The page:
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12th Air Force command chief visits Creech

CREECH AFB, Nev. -- Chief Master Sergeant H. Layton Clark, 12th Air Force command chief, receives a tour of the MQ-1B Predator simulators here Dec. 30. The chief recently visited Creech to get a first-hand look at 432d Wing operations and meet with Airmen. (U.S. Air Force photo/ Staff Sgt. Lindy Lamielle)

CREECH AFB, Nev. -- Chief Master Sergeant H. Layton Clark, 12th Air Force command chief, receives a tour of the MQ-1B Predator simulators here Dec. 30. The chief recently visited Creech to get a first-hand look at 432d Wing operations and meet with Airmen. (U.S. Air Force photo/ Staff Sgt. Lindy Lamielle)

CREECH AFB, Nev. -- The 12th Air Force command chief, Chief Master Sergeant H. Layton Clark, visited Creech AFB recently to meet with Airmen and to get a first-hand look at 432d Wing operations.

This was Chief Clark's second visit to Creech since becoming the 12th AF command chief in 2009. The chief visited various squadrons and had lunch with Hunter Airmen and said he was definitely impressed by the Airmen he met.

"The Airmen here obviously enjoy what they do and they're focused on the mission," Chief Clark said. "My impression of them is that they are proud, positive and professional warriors."

After serving three tours in Iraq, the chief said he's very familiar with the remotely piloted aircraft mission and what it brings to the fight. During his most recent deployment, the chief served as the 332d Air Expeditionary Wing command chief at Balad Air Base, Iraq where he gained first-hand experience on how important RPAs are in protecting Balad Air Base from attacks by insurgents.

"Remotely piloted aircraft in both persistent ISR (intelligence, reconnaissance, and surveillance), and armed over watch are absolutely vital to our service's identity," Chief Clark said.

Along with meeting Airmen in direct support of combat operations, Chief Clark also visited training operations conducted here. He met Airmen who directly support the MQ-1B Predator Formal Training Unit and spent time in the RPA simulators.

"The training conducted here is excellent," Chief Clark said. "There are many folks who are extremely dedicated to what they do and we are producing some very good crews."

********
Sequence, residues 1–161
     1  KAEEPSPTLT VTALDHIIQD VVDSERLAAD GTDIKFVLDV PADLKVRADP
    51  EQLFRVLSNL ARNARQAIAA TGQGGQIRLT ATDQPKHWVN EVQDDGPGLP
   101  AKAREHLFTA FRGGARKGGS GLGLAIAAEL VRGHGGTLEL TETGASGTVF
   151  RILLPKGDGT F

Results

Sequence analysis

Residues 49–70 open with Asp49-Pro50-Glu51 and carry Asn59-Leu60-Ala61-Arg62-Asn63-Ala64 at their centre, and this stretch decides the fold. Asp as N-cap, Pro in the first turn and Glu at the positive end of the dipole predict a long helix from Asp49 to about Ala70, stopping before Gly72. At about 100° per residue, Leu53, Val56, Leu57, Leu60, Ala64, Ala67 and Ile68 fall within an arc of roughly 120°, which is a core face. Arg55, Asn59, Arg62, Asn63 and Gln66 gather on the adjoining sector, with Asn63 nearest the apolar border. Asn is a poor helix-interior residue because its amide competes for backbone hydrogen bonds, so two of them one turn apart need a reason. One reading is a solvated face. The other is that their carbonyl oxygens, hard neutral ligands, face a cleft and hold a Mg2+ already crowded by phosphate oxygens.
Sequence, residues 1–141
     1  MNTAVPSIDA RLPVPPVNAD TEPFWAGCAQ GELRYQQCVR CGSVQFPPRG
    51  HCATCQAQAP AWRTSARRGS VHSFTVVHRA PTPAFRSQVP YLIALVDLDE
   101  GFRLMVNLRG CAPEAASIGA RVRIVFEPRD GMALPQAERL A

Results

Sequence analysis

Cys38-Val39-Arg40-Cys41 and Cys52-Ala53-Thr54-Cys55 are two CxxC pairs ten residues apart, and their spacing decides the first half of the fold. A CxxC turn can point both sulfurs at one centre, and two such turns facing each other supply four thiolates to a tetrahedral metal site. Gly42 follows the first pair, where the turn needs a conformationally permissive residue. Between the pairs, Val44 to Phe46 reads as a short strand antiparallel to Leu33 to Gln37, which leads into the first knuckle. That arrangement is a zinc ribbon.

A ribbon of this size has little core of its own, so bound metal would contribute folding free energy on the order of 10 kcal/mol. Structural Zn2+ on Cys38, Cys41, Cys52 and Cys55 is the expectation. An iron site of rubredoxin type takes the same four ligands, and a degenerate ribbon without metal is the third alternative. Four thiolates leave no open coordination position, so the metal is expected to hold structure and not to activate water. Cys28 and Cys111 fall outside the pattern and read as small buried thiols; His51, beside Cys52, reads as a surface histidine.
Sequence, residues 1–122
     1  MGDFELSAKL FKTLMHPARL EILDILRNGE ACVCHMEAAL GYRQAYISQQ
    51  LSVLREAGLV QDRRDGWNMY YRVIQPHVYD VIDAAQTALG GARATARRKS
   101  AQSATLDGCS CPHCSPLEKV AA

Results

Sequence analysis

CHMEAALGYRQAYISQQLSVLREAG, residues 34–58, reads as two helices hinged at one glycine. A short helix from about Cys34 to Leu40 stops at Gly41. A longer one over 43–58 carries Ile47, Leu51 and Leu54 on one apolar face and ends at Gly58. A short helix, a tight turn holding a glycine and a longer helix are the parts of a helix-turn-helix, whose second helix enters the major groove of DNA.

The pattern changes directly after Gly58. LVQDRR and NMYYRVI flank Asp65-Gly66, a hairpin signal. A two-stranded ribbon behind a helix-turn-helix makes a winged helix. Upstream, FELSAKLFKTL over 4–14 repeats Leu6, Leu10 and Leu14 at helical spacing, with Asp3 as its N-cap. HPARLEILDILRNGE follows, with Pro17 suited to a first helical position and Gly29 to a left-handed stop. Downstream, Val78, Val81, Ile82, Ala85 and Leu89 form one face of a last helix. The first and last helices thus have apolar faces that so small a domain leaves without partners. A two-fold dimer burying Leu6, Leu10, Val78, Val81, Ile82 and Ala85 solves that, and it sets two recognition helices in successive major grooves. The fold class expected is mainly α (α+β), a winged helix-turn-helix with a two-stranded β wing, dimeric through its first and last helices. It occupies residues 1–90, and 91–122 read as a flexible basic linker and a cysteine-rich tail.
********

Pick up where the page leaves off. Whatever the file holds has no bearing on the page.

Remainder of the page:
While at Creech the chief also took the time to address future training concerns based on the insatiable demand for the RPA mission.

"As far as what's on the horizon, the results speak for themselves. I believe you will see this program grow and we're going to have to increase our capabilities. There are definitely concerns of how we grow and train RPA aircrew. Senior leadership to include wing leadership are dedicated to ensure these issues are addressed properly."

In addition to viewing operations at Creech, the chief also was able to tour various quality of life facilities on base. The chief said that in his opinion, based on the level of growth of the RPA program, Airmen should continue to expect the upgrade of facilities and services as well as senior leadership continuing to advocate for robust support of the people accomplishing the RPA mission.

"If we are going to continue to grow here in this mission set, then we have to be able to sustain it, and our people have to be able to value it," Chief Clark said. "I encourage all Airmen to think outside the box. If something isn't right or just doesn't look right then raise your hand and get it to your leadership. "

The chief also encouraged Creech Airmen to take full advantage of quality of life facilities.
"I encourage all Airmen here to run that gas pump dry," Chief Clark said. "Use those facilities to the utmost of your ability."

Before departing the base, Chief Clark wished all Creech Airmen a Happy New Year on behalf of 12th AF. The chief also wanted to encourage Airmen to remain focused on the mission.

"Lieutenant General Spears and I are extremely proud of each and every one of you," he said. "Keep up the great work. You are all great Americans."

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